Harley found training with the Zbyzsko brothers, Stanislaus and Wladek. If that last name sounds familiar, these were the men Larry Zbyzsko took the last name of as a tribute. Harley also worked as a chauffeur for Happy Humphrey, a well-known wrestler at the time who weighed approximately 600 pounds. His first matches were in Missouri under the name Jack Long for promoter Gust Karras where he worked tag matches with an onscreen brother John Long. Harley was involved in a serious and tragic auto accident that killed his newlywed wife and unborn child in 1960. Doctors believed Harley’s injuries were so severe they required amputation of his leg. Karras visited the hospital and convinced the doctors not to amputate the leg. Harley was told he would not walk again, let alone wrestle. After many long months of training and physical therapy, Harley returned to the ring under the name The Great Mortimer in 1963. Shortly after this, Harley went to Texas to work for Dory Funk, Sr. There he permanently started using his real name because “Harley Race” was a much better name than “Jack Long”. This was also where he met Larry Hennig and formed a friendship.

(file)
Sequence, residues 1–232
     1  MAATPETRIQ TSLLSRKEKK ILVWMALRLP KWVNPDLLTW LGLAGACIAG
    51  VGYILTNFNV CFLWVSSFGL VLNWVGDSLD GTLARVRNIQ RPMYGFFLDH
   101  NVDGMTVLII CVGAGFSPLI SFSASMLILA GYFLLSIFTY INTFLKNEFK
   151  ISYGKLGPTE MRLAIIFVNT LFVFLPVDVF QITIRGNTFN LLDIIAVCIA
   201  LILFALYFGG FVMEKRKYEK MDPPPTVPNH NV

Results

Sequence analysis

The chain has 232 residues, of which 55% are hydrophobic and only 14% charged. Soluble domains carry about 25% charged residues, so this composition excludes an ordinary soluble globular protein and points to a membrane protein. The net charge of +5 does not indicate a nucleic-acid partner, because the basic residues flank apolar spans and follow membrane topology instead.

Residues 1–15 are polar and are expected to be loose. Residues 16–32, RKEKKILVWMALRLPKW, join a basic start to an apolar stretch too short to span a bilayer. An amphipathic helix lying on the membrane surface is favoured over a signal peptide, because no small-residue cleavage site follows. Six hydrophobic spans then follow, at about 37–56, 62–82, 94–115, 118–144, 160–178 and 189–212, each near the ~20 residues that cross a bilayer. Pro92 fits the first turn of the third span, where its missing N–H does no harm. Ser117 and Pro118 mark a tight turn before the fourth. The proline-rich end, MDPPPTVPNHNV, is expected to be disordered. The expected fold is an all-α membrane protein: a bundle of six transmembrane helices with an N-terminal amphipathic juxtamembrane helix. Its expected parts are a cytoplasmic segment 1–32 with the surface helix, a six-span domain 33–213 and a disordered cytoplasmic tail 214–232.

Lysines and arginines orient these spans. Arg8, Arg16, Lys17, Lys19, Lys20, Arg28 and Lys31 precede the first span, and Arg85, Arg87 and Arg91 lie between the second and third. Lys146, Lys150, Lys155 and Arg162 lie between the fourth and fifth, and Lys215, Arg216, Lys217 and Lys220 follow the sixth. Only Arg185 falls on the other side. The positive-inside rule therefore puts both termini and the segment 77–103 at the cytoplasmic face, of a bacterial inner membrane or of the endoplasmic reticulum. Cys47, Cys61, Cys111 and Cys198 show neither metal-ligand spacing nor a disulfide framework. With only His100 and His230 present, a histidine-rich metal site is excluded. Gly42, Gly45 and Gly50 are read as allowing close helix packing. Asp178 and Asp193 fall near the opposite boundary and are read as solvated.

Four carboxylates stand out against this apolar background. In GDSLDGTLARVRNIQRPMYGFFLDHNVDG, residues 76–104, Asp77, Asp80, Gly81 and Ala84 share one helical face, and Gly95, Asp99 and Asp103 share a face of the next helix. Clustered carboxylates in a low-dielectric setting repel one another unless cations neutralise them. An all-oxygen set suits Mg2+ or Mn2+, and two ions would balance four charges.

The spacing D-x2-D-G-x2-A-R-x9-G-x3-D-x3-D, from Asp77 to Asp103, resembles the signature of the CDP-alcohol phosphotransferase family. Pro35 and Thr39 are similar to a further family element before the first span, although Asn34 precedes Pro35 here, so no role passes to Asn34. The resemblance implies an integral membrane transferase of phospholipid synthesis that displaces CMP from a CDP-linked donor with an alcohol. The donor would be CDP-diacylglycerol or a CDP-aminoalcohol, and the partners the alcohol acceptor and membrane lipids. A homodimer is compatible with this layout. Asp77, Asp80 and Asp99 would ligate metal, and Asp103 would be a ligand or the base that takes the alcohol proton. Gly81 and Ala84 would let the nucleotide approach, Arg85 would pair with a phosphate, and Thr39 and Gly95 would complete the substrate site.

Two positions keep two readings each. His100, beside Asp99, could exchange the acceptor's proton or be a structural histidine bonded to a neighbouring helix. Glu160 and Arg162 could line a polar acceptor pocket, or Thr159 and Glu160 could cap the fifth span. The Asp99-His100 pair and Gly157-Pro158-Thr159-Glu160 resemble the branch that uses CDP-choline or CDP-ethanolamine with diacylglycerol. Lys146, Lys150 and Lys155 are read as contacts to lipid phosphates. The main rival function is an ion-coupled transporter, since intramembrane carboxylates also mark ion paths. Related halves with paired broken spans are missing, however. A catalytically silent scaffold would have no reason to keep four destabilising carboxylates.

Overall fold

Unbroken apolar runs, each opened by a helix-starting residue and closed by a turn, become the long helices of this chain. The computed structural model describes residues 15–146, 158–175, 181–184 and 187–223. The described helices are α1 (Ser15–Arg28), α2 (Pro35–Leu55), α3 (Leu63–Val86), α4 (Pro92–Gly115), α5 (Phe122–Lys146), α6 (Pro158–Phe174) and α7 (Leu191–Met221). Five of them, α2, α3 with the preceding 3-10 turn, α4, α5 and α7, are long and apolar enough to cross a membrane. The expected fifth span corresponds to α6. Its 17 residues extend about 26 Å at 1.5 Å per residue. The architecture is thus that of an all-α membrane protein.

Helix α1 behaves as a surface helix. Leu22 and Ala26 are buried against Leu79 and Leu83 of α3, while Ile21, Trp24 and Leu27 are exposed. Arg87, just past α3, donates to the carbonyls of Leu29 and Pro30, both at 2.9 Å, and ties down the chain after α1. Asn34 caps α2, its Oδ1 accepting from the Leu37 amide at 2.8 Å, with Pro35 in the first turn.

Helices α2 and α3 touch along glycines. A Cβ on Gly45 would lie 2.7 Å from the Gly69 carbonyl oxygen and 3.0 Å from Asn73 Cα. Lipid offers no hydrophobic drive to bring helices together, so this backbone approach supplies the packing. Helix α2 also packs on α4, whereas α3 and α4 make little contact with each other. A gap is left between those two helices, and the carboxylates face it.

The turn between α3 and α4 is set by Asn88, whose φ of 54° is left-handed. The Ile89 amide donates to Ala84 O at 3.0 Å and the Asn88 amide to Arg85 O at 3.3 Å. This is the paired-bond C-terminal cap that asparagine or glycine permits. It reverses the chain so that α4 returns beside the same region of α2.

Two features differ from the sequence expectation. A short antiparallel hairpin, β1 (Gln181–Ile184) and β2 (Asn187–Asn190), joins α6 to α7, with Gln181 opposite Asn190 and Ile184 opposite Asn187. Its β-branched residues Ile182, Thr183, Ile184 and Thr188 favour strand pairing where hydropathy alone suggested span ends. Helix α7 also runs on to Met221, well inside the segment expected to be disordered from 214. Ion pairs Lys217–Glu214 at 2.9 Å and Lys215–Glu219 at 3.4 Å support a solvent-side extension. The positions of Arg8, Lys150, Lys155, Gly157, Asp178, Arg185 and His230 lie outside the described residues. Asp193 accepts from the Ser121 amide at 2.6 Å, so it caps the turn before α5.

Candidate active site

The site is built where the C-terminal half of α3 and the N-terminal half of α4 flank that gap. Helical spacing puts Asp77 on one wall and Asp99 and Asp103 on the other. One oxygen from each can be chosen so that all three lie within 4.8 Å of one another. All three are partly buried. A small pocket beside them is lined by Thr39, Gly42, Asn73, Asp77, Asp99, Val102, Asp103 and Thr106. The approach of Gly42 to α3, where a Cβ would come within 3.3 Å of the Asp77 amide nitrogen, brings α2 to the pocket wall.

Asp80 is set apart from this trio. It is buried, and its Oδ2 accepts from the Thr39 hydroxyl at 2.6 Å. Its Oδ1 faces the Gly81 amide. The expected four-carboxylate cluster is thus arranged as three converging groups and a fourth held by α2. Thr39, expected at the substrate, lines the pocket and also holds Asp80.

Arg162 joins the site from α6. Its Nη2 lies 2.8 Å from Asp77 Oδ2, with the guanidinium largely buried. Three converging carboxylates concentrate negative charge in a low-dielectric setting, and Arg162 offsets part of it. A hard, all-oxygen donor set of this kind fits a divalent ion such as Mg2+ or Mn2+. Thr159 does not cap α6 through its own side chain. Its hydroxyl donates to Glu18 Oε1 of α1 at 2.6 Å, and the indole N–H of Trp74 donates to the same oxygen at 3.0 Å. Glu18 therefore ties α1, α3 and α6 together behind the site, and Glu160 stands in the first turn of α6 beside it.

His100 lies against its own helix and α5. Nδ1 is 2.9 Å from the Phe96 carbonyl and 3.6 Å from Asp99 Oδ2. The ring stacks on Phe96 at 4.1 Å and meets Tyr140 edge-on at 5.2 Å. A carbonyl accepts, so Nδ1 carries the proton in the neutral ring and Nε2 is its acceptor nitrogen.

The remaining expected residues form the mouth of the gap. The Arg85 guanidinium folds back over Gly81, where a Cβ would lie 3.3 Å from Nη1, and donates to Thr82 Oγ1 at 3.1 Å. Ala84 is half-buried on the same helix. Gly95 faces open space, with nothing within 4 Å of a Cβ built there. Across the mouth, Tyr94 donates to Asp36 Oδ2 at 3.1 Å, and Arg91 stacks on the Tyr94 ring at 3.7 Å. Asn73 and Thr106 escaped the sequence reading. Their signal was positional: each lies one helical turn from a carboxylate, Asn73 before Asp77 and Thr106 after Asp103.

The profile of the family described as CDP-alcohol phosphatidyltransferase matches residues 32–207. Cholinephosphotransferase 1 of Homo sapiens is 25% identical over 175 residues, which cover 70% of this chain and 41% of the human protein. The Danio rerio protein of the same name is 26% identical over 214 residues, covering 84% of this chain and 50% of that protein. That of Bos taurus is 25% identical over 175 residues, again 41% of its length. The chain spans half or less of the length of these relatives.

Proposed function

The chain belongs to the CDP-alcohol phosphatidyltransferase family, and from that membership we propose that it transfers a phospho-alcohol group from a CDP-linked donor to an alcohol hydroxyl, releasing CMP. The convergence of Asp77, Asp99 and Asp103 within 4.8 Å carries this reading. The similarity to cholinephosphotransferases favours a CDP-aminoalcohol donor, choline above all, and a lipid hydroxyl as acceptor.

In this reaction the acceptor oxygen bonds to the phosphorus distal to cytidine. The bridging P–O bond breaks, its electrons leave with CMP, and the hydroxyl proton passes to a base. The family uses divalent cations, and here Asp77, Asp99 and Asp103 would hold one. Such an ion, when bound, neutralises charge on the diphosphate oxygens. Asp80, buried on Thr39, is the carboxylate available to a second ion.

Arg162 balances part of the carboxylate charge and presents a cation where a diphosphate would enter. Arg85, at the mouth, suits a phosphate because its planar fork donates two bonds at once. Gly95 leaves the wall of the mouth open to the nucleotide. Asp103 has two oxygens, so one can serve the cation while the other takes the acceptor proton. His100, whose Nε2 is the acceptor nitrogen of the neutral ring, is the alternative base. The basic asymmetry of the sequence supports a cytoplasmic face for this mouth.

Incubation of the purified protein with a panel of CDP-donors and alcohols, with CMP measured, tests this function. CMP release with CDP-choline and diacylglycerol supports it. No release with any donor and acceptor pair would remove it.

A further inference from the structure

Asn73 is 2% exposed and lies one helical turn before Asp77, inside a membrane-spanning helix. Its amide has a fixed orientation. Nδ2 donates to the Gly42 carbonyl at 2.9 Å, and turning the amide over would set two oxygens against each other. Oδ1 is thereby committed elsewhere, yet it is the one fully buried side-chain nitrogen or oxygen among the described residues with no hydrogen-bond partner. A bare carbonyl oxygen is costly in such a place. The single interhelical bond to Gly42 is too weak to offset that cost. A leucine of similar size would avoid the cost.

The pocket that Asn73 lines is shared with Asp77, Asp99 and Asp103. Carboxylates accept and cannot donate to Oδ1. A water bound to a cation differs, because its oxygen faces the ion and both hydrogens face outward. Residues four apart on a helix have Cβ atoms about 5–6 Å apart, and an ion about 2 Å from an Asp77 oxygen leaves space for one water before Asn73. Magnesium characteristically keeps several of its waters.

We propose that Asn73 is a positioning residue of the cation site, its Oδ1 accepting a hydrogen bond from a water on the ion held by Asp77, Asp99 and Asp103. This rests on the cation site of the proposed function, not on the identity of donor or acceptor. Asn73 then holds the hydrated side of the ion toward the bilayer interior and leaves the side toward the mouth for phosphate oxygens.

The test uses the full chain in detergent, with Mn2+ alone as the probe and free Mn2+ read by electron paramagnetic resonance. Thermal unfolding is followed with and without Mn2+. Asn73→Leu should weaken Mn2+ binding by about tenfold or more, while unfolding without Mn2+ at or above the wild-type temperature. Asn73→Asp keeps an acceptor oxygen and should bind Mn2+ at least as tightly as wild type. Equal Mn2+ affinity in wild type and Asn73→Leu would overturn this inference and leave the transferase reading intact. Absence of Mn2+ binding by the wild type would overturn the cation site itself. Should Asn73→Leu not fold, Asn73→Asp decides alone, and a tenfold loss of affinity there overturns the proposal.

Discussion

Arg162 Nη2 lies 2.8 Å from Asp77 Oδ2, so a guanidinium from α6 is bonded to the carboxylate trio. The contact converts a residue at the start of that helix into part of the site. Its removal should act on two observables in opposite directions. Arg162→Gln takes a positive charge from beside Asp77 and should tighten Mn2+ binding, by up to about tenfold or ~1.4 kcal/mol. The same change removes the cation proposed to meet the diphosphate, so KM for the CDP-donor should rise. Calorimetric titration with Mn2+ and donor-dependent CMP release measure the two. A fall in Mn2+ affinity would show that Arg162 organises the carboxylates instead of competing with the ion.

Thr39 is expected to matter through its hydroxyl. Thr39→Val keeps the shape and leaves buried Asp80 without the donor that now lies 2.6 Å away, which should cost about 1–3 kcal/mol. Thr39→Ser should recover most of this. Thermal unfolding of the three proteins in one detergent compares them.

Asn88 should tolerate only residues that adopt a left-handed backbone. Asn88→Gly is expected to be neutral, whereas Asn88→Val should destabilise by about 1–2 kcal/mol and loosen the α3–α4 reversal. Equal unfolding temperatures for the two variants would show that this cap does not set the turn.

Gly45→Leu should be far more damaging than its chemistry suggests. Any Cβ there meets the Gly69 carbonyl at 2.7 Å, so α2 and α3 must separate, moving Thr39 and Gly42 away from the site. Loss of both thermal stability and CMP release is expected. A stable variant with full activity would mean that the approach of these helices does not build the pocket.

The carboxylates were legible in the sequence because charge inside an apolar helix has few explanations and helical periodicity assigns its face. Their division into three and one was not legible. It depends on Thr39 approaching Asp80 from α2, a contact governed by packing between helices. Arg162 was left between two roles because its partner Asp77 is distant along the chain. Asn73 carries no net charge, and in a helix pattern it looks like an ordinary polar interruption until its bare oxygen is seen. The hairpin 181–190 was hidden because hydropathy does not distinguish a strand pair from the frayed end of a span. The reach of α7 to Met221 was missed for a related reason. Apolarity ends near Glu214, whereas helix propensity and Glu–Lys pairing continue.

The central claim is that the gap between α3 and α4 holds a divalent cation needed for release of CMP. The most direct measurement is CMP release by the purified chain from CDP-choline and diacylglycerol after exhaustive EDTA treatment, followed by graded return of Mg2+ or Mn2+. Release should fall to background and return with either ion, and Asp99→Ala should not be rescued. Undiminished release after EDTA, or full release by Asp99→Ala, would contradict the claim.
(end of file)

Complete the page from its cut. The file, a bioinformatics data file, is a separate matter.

AWA

Race and Hennig started working for Verne Gagne’s American Wrestling Association (AWA) where they were known as Handsome Harley Race and Pretty Boy Larry Hennig. Of course, neither man was thought of as particularly good looking so it was a perfect gimmick for a heel tag team. They won the AWA Tag Team Titles on three occasions and had a memorable feud with fan favorites Bruiser and Crusher. In fact, they frequently wrestled Verne Gagne himself, who would team with various partners.